Our first gigs were in old people's homes. Because I was in the air training cadets, which I started playing cymbals. Marching band stuff. Solid drum, bass drum, uh, eventually went to lead snare drum. And we do this gig, —- cielos music. And then I'll do 15 minutes playing snare drum. Military style for all the old people. I did that for about five years. 

I had a disagreement with the drummer. In my…, probably 17, 18 years old. And before I laid him out, he grabbed my arm and said, “look Kev, you’ve got to buckle down or leave.”

And I left, sold all my stuff when I was 18... and regretted it ever since. And then, got back into playing guitar [in] another company I used to work for because the buyer played guitar and drums in a band. And joined the sixties bands -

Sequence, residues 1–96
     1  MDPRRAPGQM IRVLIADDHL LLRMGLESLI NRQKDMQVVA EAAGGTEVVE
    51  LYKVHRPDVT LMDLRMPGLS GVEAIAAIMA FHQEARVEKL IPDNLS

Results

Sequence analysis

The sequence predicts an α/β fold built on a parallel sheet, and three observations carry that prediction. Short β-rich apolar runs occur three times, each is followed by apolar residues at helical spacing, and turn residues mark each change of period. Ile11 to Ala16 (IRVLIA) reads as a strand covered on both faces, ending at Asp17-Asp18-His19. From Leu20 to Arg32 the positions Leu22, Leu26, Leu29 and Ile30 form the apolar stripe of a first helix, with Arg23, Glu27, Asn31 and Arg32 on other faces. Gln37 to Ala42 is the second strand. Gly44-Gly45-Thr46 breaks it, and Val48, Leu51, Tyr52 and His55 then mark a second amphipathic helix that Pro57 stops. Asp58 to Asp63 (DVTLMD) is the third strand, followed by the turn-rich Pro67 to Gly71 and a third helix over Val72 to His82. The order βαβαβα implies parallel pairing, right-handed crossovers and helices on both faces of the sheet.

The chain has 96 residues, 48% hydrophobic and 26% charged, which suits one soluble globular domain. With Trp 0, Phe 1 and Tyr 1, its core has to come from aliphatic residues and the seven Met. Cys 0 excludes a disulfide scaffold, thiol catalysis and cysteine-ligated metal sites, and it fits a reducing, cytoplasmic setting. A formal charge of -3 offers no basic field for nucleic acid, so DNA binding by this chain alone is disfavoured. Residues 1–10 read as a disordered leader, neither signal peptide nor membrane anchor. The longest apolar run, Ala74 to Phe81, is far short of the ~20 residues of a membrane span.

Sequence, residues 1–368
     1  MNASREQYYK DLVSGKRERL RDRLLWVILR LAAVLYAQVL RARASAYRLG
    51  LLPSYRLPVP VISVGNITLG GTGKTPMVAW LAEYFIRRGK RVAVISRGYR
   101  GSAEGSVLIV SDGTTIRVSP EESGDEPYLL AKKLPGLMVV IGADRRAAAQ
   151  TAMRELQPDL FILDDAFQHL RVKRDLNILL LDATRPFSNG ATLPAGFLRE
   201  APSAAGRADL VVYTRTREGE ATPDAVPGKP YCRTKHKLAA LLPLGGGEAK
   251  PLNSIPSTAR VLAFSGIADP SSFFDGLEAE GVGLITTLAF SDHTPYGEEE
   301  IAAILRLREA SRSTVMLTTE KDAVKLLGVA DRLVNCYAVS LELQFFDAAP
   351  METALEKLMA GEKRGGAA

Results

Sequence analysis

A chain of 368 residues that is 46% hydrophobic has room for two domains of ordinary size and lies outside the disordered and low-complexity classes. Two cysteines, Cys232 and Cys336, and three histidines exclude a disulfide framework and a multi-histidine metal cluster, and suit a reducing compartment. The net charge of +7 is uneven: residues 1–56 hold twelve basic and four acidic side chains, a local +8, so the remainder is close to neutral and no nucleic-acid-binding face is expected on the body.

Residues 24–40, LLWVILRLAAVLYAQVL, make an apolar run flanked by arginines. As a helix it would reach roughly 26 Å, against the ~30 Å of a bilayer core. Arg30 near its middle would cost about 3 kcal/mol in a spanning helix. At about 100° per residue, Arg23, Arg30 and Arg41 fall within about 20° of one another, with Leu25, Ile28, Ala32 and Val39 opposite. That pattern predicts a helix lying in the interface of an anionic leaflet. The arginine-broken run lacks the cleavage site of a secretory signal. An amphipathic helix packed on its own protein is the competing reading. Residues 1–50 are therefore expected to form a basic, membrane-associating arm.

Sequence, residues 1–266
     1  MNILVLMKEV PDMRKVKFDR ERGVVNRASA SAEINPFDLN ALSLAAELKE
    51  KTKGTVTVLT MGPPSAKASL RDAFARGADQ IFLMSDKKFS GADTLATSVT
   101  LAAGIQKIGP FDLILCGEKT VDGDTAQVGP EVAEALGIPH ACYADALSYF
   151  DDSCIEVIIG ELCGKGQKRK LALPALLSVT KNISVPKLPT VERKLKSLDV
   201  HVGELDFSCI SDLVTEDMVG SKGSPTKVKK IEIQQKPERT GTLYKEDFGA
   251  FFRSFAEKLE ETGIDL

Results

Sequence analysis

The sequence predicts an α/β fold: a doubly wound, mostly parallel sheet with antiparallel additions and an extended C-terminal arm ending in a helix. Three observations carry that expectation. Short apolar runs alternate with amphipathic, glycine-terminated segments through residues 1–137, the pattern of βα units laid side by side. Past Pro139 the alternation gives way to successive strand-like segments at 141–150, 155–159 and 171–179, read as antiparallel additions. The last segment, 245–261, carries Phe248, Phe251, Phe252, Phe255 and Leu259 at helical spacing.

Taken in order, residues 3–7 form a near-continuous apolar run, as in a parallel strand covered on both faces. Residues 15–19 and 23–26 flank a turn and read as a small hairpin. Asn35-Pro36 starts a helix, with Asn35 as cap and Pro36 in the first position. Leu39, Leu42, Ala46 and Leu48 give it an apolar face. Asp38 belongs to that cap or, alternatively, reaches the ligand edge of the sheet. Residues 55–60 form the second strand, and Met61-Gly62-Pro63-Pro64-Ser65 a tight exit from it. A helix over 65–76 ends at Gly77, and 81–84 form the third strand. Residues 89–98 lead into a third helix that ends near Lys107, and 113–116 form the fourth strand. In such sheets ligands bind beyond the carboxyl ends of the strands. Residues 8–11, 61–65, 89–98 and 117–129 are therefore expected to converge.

James: As a guitarist or as a bass player? 

Kev: As a guitarist, 

James: Then how did the bass come out? 

Kev: Um, well, my, well, I used to be in a band with, at school. Uh, I went to see one of his gigs and he said, "Kev, you still got bass guitar?" And funny enough, I bought one that year just to mess about on..[A] Mexican P bass, which I've still got and he wanted to do a rock band.

But it's not a rock band, as you know, it’s a symphonic metal rock band.. EVANESCENCE.. Well, that's still a music. It's all European heavy, heavy rock. Lots of low-end bass. So I played for  them for about five years, on and off. I bought a five string bass guitar for it. 

And then upon building a studio in my mate's garden, we would chat about having another band and obviously craving the guitarist's now he was sort of the brains behind it all. He wanted a three piece. So I was obviously deemed to be the bass player. And he gave me a list of songs to do, and I learned  probably 20 songs in six months. And I'm still there now. Playing with the same guys, different drummer.